Among patients hospitalized with COVID-19, 1 year after discharge, about half experienced clinically relevant moderate or worse diminished cognitive ability in verbal learning and executive function, according to study findings published in European Neuropsychopharmacology.
Lingering cognitive, neurologic, psychiatric, and physical symptoms (long-COVID) are estimated to affect as many as 40% of all patients who contracted COVID-19 and as much as 85% of those who have been hospitalized with COVID-19. Cognitive COVID (which is long-term) is characterized by brain fog, and memory and concentration struggles, and is recognizable in about 30% of patients previously hospitalized with the virus.
Researchers sought to investigate the frequency and severity of cognitive impairments over time and specifically 1 year after hospitalization in patients who contracted COVID-19, and whether depression after 1 year is related to cognitive impairments at 3 months.
To accomplish this, the researchers conducted a longitudinal prospective follow-up study that included 29 patient volunteers from their previous study at the Copenhagen University Hospital who participated in a 3-month follow-up in that study, of whom, 25 participants (56±10.7 years of age; 48% female; 14.84±3.8 years of education; 48% employed; 75% White) were reassessed at a 1-year follow-up (11±2 months).
Researchers found 48-56% of patients, depending on the cut-off, experienced clinically significant cognitive impairments, especially in verbal learning and executive function. This matched the 3-month frequency from the previous study. Moderate correlations were reflected between cognitive impairment and greater anxiety and depression and quality of life questionnaires. An association was established between cognitive impairments after 3 months and the intensity of symptoms of depression after 1 year.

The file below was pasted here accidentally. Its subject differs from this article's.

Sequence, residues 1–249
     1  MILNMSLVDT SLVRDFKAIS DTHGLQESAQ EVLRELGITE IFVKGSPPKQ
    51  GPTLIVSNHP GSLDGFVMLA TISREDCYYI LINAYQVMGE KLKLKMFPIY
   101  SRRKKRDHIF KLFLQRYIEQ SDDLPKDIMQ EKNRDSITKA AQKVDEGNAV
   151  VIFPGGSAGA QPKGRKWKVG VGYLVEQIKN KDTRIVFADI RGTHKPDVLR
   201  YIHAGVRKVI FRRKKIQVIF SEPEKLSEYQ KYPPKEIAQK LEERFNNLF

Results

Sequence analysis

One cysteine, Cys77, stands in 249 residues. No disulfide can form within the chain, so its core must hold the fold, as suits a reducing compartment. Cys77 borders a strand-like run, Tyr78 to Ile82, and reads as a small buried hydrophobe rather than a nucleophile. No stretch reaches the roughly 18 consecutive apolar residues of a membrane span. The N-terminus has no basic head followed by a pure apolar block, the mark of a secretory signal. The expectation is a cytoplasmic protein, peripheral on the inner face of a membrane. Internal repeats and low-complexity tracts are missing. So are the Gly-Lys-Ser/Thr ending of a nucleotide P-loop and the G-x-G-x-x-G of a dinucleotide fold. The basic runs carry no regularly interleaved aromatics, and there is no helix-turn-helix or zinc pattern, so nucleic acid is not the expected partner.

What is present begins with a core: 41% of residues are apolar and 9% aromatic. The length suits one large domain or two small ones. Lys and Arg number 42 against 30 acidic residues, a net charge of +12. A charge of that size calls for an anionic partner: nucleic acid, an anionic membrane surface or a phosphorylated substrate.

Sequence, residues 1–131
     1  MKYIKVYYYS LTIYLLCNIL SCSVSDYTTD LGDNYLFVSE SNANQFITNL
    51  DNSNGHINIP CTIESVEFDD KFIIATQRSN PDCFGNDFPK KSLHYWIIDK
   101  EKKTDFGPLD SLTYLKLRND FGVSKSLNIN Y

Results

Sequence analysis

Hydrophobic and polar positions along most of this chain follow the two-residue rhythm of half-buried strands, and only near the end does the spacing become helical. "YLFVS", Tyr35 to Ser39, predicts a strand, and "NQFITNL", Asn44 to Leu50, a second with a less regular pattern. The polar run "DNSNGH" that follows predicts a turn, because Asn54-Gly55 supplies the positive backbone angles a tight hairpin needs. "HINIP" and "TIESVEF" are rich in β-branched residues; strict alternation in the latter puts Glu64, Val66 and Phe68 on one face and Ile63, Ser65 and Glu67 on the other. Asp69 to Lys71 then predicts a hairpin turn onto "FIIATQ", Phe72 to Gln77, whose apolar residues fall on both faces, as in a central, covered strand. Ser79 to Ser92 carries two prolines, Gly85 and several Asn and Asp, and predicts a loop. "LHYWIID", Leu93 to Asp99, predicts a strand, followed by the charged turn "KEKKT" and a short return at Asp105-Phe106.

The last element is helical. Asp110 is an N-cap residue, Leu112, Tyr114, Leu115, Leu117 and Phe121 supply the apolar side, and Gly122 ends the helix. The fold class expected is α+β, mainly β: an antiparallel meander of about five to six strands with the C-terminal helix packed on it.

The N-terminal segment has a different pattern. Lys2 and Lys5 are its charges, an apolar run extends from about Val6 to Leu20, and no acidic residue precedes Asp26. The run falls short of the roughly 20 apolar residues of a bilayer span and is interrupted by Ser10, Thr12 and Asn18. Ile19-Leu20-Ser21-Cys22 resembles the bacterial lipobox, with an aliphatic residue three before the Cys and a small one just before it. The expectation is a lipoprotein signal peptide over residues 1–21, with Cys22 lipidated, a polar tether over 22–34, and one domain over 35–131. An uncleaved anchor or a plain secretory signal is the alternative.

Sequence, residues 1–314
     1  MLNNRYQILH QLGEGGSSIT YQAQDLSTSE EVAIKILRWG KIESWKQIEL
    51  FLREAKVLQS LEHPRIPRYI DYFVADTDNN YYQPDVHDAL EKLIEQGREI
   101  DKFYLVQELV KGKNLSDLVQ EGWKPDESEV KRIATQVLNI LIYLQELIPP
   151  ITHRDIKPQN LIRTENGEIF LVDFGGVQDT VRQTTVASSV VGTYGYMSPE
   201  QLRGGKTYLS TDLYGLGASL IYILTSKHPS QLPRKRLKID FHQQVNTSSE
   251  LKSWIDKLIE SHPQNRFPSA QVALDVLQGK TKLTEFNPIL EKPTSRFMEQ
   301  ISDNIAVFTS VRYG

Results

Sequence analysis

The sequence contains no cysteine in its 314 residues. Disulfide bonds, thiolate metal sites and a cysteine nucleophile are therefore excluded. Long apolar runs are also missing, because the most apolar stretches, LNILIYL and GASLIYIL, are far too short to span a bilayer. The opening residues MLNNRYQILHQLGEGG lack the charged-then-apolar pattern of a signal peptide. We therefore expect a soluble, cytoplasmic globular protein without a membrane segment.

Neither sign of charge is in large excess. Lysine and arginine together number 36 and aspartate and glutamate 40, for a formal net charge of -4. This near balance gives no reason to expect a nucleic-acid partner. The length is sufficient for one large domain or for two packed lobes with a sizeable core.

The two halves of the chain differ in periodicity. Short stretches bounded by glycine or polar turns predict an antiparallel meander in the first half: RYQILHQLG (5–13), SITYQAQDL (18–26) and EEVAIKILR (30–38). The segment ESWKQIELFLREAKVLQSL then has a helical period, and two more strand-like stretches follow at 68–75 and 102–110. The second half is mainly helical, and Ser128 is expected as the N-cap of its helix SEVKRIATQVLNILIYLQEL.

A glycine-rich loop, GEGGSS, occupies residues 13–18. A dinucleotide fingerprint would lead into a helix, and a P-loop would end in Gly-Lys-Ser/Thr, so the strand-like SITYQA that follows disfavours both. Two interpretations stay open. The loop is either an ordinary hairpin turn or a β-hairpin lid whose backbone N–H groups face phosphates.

If cognitive impairment does not manifest at 3 months, it’s a good predictor of no manifestation at 1 year.
Study limitations included an underpowered sample size, sampling bias, lack of a control group with a different respiratory illness, and lack of a comprehensive neurological evaluation.
“The stable cognitive impairments in approximately half of patients hospitalized with COVID-19 and negative implications for work functioning, quality of life, and mood symptoms underline the importance of screening for and addressing cognitive sequelae after severe COVID-19,” the researchers concluded.
Disclosure: Some study authors declared affiliations with biotech, pharmaceutical, and/or device companies. Please see the original reference for a full list of authors’ disclosures.
Miskowiak KW, Fugledalen L, Jespersen AE, et al. Trajectory of cognitive impairments over 1 year after COVID-19 hospitalization: Pattern, severity, and functional implications. Eur Neuropsychopharmacol. Published online April 14, 2022. doi:10.1016/j.euroneuro.2022.04.004
This article originally appeared on Neurology Advisor